• Magic by Any Other Name: Humans are absolutely militant about this. No matter how scientifically-inexplicable something is, or if that something can outright change the laws of physics at will, it is still not "magic". Referring to it as such will provoke an immediate negative response and denial. Technobabble, even if it is completely unsupported by evidence, will invariably be accepted as an explanation before "magic" will. Things which would be considered "supernatural" in real life such as Psychic Powers or Reality Warpers are still regarded as scientific in nature, even though Federation science cannot explain them. Which is why talking about the limitless power of "thought" is acceptable, but using the m-word will get you an earful of Flat Earth Atheism.
  • Magic Plastic Surgery: How is it that Doctors in the future are able to radically change your appearance so you are a different species with a head twice the size? We see Kirk, Troi, Picard, and Data [!] as Romulans, Kira as a Cardassian, Dukat, Seska and Dax as Bajorans (actually that one isn’t much of a stretch), Sisko, O’Brien and Odo as Klingons, Neelix as a Ferengi…and Chakotay is a Vidiian with a big scabby bloated head. Quark is even made female and then turned male again, still capable of male reproduction afterward. It seems such a stretch that you can effortlessly change somebody’s face and body to such a degree and than put you all back together again afterwards with no perceivable differences. This all becomes something of a moot point when Janeway and Paris "evolve" into a pair of copulating lizards in a later episode and the Doctor simply manages to devolve them back into human beings .... "Go big or go home" is Brannon Braga's motto.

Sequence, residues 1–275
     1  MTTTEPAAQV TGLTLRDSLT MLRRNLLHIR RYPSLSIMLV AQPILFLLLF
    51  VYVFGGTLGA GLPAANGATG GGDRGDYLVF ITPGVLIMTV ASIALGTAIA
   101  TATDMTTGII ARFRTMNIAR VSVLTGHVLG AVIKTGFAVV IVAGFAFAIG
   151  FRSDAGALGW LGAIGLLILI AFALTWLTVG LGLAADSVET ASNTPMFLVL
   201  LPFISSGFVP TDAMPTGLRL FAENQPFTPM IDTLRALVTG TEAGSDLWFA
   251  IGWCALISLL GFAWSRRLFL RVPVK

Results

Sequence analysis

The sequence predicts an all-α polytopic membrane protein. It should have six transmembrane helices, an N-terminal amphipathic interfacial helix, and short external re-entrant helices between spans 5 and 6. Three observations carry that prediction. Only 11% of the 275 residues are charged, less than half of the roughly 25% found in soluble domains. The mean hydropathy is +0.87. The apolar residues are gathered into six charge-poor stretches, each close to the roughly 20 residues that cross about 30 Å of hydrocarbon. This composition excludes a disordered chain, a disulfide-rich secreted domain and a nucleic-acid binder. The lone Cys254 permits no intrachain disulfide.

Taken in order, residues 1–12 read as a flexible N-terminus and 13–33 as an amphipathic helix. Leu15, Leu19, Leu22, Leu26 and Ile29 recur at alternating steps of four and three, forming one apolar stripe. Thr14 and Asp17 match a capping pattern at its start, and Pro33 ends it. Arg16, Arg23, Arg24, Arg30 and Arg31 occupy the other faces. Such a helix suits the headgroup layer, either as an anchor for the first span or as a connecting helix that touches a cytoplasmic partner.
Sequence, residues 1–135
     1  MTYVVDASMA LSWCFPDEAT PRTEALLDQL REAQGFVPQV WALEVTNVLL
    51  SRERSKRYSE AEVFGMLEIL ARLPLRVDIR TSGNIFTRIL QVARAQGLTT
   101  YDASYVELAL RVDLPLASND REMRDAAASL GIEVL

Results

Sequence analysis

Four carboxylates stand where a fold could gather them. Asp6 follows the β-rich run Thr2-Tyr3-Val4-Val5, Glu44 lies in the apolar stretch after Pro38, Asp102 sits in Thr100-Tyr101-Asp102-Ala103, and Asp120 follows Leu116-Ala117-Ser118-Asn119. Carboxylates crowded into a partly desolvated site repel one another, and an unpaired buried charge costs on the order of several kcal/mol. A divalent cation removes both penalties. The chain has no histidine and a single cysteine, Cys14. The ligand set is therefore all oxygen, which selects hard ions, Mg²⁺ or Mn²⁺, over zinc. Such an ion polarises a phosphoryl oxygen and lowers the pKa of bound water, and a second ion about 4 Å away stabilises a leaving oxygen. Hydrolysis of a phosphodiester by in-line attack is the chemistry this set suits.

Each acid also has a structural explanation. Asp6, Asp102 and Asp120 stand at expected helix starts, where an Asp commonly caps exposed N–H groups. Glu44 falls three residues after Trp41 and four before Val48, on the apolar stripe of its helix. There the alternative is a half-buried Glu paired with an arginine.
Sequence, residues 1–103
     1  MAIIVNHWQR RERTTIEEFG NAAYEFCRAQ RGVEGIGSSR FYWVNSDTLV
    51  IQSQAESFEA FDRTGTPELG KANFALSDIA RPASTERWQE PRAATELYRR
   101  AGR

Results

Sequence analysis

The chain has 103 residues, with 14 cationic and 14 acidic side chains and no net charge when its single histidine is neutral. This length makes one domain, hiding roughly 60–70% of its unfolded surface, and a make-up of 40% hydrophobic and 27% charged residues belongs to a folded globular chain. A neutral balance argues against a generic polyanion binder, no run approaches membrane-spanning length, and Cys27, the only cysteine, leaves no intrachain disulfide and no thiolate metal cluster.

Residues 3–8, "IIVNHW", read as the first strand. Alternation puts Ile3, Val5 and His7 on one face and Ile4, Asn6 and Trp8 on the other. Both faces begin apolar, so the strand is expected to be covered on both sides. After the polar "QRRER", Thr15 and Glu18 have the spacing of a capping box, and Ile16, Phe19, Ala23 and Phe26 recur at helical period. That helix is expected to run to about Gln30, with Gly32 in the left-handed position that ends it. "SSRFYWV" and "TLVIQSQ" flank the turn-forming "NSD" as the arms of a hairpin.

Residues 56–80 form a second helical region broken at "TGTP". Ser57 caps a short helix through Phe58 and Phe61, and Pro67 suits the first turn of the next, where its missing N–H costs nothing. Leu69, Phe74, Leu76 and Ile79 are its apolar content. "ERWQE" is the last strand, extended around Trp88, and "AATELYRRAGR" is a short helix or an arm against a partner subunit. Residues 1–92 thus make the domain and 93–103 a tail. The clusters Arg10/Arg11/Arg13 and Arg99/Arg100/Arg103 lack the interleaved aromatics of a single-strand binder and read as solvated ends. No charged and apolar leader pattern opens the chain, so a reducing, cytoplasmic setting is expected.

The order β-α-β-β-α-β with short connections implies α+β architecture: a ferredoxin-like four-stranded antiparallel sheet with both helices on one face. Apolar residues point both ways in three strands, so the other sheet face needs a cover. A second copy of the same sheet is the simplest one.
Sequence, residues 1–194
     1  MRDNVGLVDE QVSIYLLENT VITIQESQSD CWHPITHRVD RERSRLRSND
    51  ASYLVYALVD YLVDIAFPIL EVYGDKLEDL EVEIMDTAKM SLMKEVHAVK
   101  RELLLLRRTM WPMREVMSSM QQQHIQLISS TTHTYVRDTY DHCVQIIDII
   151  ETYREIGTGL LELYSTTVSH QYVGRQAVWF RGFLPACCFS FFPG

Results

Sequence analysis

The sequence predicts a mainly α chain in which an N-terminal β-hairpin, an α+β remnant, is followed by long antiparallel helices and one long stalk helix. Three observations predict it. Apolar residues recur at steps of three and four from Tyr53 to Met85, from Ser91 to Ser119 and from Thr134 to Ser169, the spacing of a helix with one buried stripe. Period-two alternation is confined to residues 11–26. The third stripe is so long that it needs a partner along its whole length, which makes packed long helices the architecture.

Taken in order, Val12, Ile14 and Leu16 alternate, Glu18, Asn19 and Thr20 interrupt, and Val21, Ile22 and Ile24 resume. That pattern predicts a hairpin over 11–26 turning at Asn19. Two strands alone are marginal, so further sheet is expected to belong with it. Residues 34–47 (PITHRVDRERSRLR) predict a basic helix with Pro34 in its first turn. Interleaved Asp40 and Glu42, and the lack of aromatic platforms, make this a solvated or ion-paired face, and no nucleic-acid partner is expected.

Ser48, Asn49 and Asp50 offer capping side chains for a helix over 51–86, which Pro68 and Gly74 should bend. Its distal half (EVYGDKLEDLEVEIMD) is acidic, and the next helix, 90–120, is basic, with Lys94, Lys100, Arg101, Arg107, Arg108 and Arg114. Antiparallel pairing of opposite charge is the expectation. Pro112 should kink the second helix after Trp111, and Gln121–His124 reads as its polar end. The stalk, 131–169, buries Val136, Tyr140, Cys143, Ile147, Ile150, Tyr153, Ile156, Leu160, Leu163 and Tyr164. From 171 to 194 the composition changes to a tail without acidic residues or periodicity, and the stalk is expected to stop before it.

• Magical Security Cam: Happens so often and so early in the setting that it can be considered a technological standard. At this point, anything else would be a deviation from canon.
    • Taken to its logical extreme in Voyager, where the ship recorded all of the crew's brainwaves.